This is a new section I am working on.
As I go through the research, I am cutting stones in the traditiona cuts and
then when possible having authentic recreations of the jewelry of the era.


I cut this topaz in the oldest type of cut: the Point Cut which is the natural shap of a perfect diamond. I found the ring design in an old book and worked with a local jewelry to recreate a 16th century Tudor ring that was made for this type of cut. This is a talismanic gold ring set with a point cut Montana sapphire. In Medieval times, sapphire was thought to protect the wearer from harm so the jeweler combined that power with a magical spell in symbols around the stone that also invokes protection.
This is a Gothic Rose cut. This was an early rose cut style from the mid 16th century and would have been used on flat pieces of diamond with funny chips that made them triangular. It didn’t stay in fashion very long and was generally overshadowed but other kinds of rose cuts that we are more familiar with. I cut this one in Peridot. This is a Phenakite cut as an Old Mine Cut. Developed in 18th century Europe old mine cushion cuts were not round but had a slightly curved edge which formed a soft square. They were made with a variety of facet patterns but always with a small table, high crown, and larger culet giving them an architectural look.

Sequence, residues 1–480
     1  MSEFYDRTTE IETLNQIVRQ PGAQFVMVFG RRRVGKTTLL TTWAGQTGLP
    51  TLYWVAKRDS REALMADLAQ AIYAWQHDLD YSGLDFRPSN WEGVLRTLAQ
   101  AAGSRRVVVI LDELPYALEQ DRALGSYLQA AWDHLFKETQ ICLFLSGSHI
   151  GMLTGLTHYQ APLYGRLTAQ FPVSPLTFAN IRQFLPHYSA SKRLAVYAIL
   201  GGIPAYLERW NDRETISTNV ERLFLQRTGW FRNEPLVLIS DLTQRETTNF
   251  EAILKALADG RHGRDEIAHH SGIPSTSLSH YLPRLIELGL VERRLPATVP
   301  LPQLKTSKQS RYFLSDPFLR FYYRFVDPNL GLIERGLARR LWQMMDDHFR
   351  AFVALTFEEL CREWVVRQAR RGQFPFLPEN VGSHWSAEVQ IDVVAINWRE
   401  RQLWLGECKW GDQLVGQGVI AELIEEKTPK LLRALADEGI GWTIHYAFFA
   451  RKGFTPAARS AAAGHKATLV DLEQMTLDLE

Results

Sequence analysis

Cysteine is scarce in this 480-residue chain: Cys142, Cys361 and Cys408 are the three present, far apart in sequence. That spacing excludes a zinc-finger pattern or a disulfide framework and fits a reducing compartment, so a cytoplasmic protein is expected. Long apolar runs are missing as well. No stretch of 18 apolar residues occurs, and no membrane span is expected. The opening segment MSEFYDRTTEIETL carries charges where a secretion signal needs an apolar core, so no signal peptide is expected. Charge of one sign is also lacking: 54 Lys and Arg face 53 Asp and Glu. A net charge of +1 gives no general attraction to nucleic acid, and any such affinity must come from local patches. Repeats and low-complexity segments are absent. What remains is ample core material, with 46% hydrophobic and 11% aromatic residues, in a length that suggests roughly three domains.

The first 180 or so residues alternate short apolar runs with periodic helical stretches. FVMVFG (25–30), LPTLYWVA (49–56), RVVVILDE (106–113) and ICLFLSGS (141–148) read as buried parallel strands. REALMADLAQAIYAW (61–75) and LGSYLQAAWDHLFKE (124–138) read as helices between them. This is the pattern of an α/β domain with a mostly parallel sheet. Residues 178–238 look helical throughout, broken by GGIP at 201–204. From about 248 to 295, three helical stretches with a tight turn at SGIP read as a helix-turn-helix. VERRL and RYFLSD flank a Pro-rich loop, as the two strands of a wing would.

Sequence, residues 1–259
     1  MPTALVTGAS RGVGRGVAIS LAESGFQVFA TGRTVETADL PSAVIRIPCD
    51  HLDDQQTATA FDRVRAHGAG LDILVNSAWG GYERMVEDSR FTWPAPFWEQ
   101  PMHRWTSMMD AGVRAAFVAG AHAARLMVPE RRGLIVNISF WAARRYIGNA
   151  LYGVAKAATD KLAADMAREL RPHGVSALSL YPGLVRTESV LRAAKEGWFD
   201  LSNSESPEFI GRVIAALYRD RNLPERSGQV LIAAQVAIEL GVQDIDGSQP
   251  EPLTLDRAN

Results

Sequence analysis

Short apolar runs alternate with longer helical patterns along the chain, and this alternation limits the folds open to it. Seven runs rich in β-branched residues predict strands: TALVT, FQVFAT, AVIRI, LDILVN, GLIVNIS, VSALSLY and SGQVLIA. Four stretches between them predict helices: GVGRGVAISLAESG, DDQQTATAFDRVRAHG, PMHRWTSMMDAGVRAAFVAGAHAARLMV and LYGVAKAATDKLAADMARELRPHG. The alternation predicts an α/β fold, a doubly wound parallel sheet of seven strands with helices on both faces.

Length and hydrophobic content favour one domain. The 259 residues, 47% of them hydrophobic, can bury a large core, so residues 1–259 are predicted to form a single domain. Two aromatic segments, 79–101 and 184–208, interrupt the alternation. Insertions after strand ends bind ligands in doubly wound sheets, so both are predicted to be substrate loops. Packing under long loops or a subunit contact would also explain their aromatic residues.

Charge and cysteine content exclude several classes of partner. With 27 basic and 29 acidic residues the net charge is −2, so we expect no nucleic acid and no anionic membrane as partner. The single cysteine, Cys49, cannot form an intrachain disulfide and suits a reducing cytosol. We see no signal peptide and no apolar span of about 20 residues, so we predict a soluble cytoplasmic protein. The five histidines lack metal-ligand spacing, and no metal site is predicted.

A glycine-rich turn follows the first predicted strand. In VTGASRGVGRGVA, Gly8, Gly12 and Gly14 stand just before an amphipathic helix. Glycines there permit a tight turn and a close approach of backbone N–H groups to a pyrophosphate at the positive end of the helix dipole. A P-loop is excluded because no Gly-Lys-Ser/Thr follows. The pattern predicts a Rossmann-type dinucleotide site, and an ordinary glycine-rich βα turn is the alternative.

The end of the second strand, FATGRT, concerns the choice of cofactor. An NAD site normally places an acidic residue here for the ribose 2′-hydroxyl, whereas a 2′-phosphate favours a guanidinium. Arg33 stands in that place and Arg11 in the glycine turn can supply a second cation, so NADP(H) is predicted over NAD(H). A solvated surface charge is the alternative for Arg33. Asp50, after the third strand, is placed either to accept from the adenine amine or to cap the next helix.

This is a scissor cut, also known as “cross cut.” The faceting design developed in the early 16th century but could not improve on the light effects of a Mirror Cut so it was eventually abandoned as the Brilliant Cut developed
This Celtic Revival style features a combination of a Celtic Cross and the Knotwork Interlace pattern, set with a Moonstone and 4 rose cut aquamarines. The ring is an exact replica of Prof. Dumbledores ring from the Harry Potter films and you can read more about it here.

All cuts and jewelry by Justin K Prim